Oct 12, 2012, 6:43 PM EDT
We saw a lot of guesses from experts in the days leading up to tonight’s match, but you’d be hard pressed to find somebody in the know who nailed this one. When U.S. Soccer announced the starting lineup for tonight’s World Cup qualifier in Antigua, head coach Jurgen Klinsmann was predictably unpredictable:
G – Tim Howard
LB – Carlos Bocanagra (c)
CB – Geoff Cameron
CB – Clarence Goodson
RB – Steve Cherundolo
CM – Danny Willams
CM – Michael Bradley
? – Clint Dempsey
? – Graham Zusi
? – Eddie Johnson
F – Herculez Gomez
That’s a lot of question marks, uncertainty born from the fact U.S. Soccer’s tweet seemed to have Eddie Johnson in midfield …
… which would be weird.
Some talking points:
1. Bocanegra at left back – It was the captain’s position last cycle, but Klinsmann’s been reluctant to use him out there. Michael Parkhurst was an option. Instead, Klinsmann’s sent Boca back to his second home.
2. Williams’ ascension – We talked about it in the depth chart, but last break’s performances seemed to vault Danny Williams above Kyle Beckerman in the pecking order. The Hoffenheim man gets the call tonight in what’s likely to be a rare two-man midfield.
3. Bradley’s the man – Did the return of Michael Bradley allow Klinsmann to select all of Johnson, Dempsey, Gomez, and Zusi? It’s much easier to play a two-man midfield (as opposed to Klinsmann’s normal three) when Michael Bradley is one of those guys. If there’s one guy in the squad who can carry that load, he’s it.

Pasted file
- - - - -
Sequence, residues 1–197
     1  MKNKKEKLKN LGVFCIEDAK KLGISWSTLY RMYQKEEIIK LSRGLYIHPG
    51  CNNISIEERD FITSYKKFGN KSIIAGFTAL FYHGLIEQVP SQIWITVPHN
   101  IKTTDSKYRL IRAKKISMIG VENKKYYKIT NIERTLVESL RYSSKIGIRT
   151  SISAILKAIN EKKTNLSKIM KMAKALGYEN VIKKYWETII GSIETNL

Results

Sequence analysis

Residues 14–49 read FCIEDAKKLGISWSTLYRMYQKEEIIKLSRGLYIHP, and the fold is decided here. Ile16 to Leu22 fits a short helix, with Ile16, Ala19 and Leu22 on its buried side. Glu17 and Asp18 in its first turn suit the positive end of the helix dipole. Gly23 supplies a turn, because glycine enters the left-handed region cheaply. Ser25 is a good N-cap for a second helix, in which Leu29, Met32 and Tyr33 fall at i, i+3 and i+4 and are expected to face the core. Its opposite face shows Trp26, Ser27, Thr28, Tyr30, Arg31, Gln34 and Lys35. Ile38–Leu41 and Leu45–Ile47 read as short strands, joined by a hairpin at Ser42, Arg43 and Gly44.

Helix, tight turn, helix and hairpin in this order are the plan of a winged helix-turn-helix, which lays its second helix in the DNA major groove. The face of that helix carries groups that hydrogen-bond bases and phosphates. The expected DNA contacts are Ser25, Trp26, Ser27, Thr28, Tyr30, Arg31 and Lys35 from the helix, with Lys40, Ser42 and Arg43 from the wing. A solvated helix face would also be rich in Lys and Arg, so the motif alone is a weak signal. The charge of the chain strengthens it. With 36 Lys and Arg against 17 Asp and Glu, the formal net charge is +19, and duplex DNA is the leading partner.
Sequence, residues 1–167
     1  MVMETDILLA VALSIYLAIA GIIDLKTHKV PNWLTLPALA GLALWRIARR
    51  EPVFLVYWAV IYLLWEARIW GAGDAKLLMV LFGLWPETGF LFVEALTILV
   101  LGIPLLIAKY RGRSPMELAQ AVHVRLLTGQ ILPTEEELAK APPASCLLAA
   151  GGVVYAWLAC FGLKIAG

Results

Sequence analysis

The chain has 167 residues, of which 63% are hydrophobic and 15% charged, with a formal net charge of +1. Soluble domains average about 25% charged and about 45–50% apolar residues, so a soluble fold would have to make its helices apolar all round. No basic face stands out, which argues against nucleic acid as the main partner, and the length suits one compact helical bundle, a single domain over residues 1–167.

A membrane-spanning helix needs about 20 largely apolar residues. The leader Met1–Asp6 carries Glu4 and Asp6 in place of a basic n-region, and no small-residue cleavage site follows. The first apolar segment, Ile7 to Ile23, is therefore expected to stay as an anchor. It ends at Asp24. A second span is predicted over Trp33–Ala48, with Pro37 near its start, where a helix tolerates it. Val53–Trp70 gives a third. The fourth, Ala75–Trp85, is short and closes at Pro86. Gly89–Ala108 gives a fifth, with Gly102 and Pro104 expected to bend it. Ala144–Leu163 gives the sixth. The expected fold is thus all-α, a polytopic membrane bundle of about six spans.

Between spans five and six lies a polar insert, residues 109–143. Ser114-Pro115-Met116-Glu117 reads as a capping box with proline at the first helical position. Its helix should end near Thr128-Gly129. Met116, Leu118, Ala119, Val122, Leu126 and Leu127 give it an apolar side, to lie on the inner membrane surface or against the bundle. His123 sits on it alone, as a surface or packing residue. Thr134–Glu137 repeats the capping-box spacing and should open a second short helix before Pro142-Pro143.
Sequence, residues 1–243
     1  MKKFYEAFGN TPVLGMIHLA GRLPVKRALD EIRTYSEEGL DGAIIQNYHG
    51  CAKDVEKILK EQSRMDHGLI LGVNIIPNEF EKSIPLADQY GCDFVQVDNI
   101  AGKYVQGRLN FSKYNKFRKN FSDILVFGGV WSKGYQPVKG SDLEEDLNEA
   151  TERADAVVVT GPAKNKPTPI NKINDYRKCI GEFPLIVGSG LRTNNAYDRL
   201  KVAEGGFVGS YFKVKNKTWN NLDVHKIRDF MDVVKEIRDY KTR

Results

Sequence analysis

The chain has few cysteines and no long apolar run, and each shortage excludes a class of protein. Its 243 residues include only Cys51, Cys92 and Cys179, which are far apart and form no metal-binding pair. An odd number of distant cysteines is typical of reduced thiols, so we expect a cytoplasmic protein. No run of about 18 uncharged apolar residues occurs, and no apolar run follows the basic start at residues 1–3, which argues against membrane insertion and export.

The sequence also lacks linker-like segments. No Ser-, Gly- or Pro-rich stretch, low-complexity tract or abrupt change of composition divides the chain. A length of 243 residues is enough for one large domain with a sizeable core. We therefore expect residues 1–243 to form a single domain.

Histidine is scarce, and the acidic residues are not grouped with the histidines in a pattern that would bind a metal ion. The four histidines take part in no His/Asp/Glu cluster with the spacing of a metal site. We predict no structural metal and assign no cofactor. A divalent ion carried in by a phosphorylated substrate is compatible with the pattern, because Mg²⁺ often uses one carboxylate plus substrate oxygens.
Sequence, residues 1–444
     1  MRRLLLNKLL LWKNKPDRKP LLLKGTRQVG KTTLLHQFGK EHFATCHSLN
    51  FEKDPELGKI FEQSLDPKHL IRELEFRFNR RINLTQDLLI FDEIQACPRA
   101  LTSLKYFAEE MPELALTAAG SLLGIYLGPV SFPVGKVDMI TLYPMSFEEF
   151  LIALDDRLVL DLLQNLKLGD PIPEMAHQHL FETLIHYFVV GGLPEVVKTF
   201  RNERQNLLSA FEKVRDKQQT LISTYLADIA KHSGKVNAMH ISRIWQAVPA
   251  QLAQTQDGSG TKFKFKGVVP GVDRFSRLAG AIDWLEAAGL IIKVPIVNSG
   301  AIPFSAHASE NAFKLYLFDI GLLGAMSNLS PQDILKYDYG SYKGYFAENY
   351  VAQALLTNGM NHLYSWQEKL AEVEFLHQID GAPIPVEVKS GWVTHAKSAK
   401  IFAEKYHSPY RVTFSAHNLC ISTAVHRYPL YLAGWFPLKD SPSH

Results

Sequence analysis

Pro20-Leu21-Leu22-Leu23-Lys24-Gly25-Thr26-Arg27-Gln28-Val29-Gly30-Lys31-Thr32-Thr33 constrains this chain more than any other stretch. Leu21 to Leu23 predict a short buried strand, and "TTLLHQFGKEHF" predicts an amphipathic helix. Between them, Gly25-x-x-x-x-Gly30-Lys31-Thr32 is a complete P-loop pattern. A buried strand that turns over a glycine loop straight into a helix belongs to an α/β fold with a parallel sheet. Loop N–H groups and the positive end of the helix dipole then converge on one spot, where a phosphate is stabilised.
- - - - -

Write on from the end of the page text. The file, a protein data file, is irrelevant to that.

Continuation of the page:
4. Attack! – This might be the most attack-oriented team Klinsmann’s thrown out there. All of Johnson, Dempsey, Gomez, and Zusi, plus Bradley supporting from midfield. More on this, below.
5. Johnson gets his chance – As the week went on, it seemed more and more likely Johnson was going to get into the starting XI. At least, there were hums to that effect, though nothing that didn’t sound like idle speculation. Today, that idle speculation came good.
So we have a team unlike we’ve ever seen under Klinsmann. How will they play? We’ll find out in half an hour, but by the personnel, you can expect a team that leans right thanks to Cherundolo, Williams and Gomez (who is more effective going toward that flank). Bocanegra at the back lets the U.S.to for a strong back three (both Bocanegra and Cameron proficient at their respective sides), allowing Cherundolo to be aggressive getting (and staying) forward.
Also, expect Eddie Johnson to spend a lot of time attacking that far (left) post. When Gomez goes right and Dempsey fills the space and supports, Johnson’s going to get the benefit of a defense that has to shift away from his side. Expect Cherundolo to target him liberally, with Michael Bradley perhaps coming on to a number of second balls. It’s more direct than we’re used to seeing from Klinsmann’s teams, but that’s why he brought Johnson in.
At least, that’s one way it could play out. Consider it a glimpse into (the possible) mind of an opposition coach. Without a left back, you could see a very right-heavy team that depends on Johnson to keep Antigua and Barbuda honest.
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